What is Kurt Vonnegut's view on equality?
Kurt Vonnegut's short story "Harrison Bergeron" examines a futuristic world in which all people have been rendered equal through the use of personalized handicaps for those who excel at a particular quality. Those who are too beautiful must mask their appearance with hideous disguises; those who are too strong must be burdened by immense weights; those who are too intelligent must be impeded by devices that constantly interrupt their thoughts.
Harrison Bergeron, the titular protagonist, is one of those superior individuals who has been handicapped in many horrific ways. After escaping from prison, Harrison takes over a television broadcast and attempts to defy the government's decrees on handicaps, declaring himself the new emperor. However, his "reign" is short-lived, as he is soon shot dead by the handicapper general, Diana Moon Glampers.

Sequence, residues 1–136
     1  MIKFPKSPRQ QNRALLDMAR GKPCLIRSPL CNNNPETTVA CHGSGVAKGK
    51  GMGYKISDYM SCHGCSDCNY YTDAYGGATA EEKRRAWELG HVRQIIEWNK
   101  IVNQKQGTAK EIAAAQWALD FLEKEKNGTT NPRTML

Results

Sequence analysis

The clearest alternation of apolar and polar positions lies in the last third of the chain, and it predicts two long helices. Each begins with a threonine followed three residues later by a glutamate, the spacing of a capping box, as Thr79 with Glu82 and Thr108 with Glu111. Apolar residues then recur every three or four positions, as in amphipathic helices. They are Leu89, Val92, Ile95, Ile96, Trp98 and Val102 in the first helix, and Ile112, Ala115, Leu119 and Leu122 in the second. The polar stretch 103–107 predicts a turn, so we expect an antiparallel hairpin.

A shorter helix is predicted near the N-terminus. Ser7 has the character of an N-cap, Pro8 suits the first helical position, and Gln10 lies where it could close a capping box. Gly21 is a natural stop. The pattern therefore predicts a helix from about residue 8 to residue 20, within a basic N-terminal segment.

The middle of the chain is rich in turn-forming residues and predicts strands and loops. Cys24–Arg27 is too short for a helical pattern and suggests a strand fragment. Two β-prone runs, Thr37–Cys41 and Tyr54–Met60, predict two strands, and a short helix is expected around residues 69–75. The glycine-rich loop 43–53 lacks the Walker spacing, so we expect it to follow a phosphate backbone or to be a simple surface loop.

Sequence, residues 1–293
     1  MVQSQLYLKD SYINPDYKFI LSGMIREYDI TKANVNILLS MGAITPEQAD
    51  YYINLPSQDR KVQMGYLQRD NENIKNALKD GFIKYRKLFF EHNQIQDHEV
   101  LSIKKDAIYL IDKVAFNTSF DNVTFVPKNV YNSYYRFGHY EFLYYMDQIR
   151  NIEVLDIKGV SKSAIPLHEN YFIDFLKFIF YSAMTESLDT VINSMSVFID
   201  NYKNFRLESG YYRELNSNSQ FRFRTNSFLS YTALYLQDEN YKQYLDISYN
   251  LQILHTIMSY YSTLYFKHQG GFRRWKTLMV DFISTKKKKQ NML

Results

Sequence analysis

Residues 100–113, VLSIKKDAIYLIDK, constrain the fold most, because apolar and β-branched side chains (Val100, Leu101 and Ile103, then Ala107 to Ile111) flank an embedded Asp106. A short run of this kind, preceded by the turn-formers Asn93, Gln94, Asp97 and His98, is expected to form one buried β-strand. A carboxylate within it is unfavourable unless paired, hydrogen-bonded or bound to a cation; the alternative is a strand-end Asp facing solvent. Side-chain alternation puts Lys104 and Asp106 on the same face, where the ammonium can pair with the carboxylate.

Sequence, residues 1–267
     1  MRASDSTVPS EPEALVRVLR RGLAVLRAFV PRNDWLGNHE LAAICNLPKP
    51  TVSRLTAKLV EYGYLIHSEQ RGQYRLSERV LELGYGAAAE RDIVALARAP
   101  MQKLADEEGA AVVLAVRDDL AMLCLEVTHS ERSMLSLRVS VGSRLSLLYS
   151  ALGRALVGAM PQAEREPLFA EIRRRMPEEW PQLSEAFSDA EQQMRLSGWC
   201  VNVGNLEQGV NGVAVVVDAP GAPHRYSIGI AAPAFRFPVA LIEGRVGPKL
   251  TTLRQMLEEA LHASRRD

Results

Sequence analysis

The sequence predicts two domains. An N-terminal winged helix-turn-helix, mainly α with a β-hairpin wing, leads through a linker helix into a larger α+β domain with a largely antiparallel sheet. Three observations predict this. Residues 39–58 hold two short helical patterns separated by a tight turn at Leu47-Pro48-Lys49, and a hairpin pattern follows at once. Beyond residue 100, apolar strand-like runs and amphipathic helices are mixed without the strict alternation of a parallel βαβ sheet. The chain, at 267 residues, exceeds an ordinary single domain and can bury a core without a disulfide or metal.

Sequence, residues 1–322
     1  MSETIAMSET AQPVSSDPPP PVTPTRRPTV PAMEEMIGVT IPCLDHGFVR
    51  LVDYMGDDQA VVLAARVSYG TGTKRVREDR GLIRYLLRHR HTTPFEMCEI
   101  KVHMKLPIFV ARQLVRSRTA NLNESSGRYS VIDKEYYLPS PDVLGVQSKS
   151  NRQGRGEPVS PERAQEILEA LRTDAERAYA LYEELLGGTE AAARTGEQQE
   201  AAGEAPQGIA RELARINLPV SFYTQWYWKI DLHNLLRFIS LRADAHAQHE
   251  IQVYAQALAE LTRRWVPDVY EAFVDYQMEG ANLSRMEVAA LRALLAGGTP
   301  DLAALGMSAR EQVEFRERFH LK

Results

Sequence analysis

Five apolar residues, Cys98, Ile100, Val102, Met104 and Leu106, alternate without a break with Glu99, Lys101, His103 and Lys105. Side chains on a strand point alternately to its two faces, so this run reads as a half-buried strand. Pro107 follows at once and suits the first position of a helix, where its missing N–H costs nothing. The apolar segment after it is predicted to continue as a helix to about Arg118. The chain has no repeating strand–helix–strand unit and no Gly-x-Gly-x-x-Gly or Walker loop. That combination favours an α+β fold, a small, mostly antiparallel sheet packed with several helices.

Upon reading this story, it is quite evident that Kurt Vonnegut believes that total equality would be a grave mistake—one that would rob the world of individualism and the gifts of many talented people. America has been dumbed down, enslaved, and nullified in this story; its residents are certainly not rendered free by the delusional "leveling" of the playing field that has occurred. The costs of this brand of equality are nothing short of disastrous, with a dictatorship-like government emerging to ensure that the status quo is maintained. Vonnegut is clearly warning readers about this kind of dangerous propaganda and the consequences that enforcing equality would bring about.